Afterwards, Blackout is about to deliver a final blow to Wells and seeing his mentor in danger is the final trigger for Barry to regain control of his powers. He super speeds the doctor to safety before donning his costume and defeating Farooq once and for all. And to be honest, it’s a little unclear exactly how Barry does it. When Farooq attempts to drain Barry of his energy again, rather than losing his abilities, it’s as if Barry starts charging up (did we finally see the Speed Force?) that Blackout seemingly overdoses from the energy and dies.

Meanwhile, at CCPD, Clock King continues to hold a bunch of hostages — including the Wests — on the floor of the precinct. Iris is unfazed because she knows The Flash will come and save them. Joe is slightly more fazed because he knows Barry lost his powers, so there will be no super saving tonight. A quick scan of the hostages on the floor reveals that there is one cop unaccounted for: good ole Eddie Thawne. Joe spots him out of the corner of his eye, and Eddie has his gun fixed on Tockman and is even able to fire off a couple of rounds.

Unfortunately, the Clock King had on a bulletproof vest and returns fire, hitting Eddie in the shoulder. Though it isn’t a fatal wound, Eddie will bleed out on the floor if help doesn’t come. Since there’s no superhero in sight, the police have to give in to Tockman’s demands and send a helicopter to allow him to escape. He decides to take Iris with him as a hostage to ensure there’s no funny business from the cops — and also because Iris has to be the damsel yet again.

Before they leave, Joe convinces Tockman to let Iris have a final goodbye with her boyfriend Eddie before he dies. Tockman relents, and Iris gives Eddie an impassioned kiss on the floor. Unbeknownst to the bad guy, Eddie also slips Iris the gun in his ankle holster. When Clock King brings Iris to the roof, she’s able to get a shot off and frees herself from his clutches. Once Barry finally reaches police headquarters, Clock King is safely in custody and everyone is okay. Even Eddie, who gets rushed to the hospital to have his gun wound treated.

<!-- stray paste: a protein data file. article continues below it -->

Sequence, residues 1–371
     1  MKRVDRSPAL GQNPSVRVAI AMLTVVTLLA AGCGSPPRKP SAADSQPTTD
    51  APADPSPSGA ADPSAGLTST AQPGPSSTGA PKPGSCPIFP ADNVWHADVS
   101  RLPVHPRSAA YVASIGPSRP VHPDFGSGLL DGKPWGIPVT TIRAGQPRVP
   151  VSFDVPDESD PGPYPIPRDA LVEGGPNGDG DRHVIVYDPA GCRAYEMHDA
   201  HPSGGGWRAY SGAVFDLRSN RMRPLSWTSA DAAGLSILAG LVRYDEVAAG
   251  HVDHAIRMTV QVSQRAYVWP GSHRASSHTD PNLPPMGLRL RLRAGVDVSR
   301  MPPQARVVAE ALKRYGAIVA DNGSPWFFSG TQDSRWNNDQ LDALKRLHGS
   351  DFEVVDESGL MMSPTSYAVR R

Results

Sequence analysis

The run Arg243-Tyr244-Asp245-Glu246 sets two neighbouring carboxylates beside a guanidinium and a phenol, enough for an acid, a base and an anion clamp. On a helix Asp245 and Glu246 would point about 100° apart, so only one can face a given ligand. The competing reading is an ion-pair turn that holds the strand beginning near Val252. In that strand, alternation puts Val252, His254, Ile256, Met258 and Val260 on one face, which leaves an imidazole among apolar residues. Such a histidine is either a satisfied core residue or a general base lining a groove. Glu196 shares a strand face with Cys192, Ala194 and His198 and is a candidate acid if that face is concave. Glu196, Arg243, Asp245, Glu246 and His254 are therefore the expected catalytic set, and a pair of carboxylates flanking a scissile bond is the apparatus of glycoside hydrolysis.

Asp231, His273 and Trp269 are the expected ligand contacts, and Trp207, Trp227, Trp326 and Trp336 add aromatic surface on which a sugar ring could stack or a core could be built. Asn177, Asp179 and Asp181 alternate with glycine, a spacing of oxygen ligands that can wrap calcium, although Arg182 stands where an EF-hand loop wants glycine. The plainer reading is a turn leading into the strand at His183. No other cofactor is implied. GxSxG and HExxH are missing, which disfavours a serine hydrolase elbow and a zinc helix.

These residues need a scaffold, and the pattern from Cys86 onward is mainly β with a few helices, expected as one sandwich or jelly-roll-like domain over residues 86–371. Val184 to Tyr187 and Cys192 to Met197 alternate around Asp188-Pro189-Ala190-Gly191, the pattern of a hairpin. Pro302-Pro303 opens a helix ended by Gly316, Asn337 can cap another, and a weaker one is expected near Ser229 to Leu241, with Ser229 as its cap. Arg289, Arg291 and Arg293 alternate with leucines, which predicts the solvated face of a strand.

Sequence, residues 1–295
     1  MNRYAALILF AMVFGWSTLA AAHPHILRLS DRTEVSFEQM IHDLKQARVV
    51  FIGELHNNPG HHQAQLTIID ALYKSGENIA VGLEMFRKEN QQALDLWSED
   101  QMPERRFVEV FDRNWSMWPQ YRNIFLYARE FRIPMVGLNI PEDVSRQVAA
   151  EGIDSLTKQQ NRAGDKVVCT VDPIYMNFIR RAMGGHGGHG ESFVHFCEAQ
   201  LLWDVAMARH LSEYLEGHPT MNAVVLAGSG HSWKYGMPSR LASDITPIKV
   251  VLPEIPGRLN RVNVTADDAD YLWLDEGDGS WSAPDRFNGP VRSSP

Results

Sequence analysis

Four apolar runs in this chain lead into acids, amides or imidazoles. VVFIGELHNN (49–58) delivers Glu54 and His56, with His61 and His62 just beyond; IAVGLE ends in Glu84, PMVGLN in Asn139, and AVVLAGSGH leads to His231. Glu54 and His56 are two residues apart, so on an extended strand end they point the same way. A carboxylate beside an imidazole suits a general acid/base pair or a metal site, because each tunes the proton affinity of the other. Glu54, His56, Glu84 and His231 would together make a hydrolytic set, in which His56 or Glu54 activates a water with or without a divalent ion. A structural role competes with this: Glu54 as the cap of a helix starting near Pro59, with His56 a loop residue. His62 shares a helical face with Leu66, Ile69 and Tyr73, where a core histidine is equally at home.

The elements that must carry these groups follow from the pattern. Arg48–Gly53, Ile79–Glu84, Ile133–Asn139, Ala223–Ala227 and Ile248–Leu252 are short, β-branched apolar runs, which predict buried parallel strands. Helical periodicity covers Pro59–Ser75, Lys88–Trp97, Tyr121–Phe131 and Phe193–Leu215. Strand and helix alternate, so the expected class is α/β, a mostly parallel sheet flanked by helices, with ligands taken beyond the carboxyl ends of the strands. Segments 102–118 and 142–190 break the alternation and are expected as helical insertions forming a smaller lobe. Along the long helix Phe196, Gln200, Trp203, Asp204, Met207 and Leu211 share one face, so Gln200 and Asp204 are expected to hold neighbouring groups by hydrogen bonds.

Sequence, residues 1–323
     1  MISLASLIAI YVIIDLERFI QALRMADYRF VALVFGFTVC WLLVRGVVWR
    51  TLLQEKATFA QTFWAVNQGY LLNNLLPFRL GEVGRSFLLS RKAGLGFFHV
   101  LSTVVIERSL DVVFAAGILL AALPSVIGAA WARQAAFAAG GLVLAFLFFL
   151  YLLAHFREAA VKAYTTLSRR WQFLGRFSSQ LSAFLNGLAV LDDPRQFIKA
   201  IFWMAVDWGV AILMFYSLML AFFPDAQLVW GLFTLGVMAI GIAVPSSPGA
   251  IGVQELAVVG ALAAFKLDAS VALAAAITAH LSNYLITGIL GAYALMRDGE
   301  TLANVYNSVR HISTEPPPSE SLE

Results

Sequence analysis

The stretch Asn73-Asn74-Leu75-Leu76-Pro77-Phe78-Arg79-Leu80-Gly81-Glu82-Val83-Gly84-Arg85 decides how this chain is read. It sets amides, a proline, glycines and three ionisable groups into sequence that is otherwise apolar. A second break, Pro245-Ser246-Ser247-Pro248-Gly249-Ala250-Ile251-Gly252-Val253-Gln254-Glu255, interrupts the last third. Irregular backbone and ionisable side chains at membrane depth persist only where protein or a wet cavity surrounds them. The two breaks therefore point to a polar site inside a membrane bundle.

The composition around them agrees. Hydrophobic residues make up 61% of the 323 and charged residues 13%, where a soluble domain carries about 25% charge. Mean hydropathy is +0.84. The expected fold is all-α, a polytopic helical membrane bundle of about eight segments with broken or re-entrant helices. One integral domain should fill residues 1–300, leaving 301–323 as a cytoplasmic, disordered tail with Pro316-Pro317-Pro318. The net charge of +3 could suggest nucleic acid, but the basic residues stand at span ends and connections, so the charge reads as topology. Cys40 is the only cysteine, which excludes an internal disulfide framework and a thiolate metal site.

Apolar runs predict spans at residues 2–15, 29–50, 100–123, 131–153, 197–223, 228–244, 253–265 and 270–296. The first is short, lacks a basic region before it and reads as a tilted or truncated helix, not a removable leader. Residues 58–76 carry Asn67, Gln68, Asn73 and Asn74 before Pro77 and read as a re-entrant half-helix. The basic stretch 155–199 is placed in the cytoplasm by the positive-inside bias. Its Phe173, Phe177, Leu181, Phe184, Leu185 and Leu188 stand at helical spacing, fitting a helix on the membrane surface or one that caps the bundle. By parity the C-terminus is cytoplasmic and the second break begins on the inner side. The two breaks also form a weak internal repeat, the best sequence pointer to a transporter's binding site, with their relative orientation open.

And to get loaded with pain meds.

Barry visits Eddie and the Wests in the hospital, and Rick Cosnett gets a chance to play Thawne stoned out of his mind. Even better, Joe uses the opportunity to test if Barry has got his powers back by knocking a vase of flowers off the table. Of course Barry speeds the flowers back to safety, but not before Eddie witnesses the impossible. Then again, he’s high, so what does he know, right?

After some Flash flirting in the hallway with Iris, Barry returns to S.T.A.R. and tells Wells he’s ready to start pushing himself even further. Meanwhile, Wells confers with Gideon that Flash’s future timeline has been restored and realizes that Barry’s connection to people is actually a strength instead of a weakness.

Before we start to think maybe Wells isn’t so bad after all, the end-scene shows him taking a blood sample from the recently departed Blackout in order to find out how to steal the Flash’s abilities. And we are once again reminded that Dr. Wells is really Dr. Evil.

It doesn’t stop there, though. Because we’re just now getting to the good stuff. If Flash wasn’t already entertaining enough, we’re being set up for the eagerly anticipated Flash/Arrow two-night crossover epic next week!

Seriously, how can this not be good?


  1. In the season 1 episode “Leech,” Clark gets his abilities taken away by Jimmy Olsen’s twin brother. Okay, not really, but Shawn Ashmore (Iceman from the X-Men movies and twin brother of Aaron, who played Jimmy in Seasons 8-10) played the episode’s FOTW. 
  2. Even Arrow took a season and a half before it really embraced being a superhero show. 
  3. This was the first episode all season to not incorporate a flashback structure. Honestly, I’m glad they aren’t as beholden to this conceit as Arrow is. 
  4. Hey Joe, maybe being the daughter of a cop is just as dangerous as being the friend of a superhero? Just saying.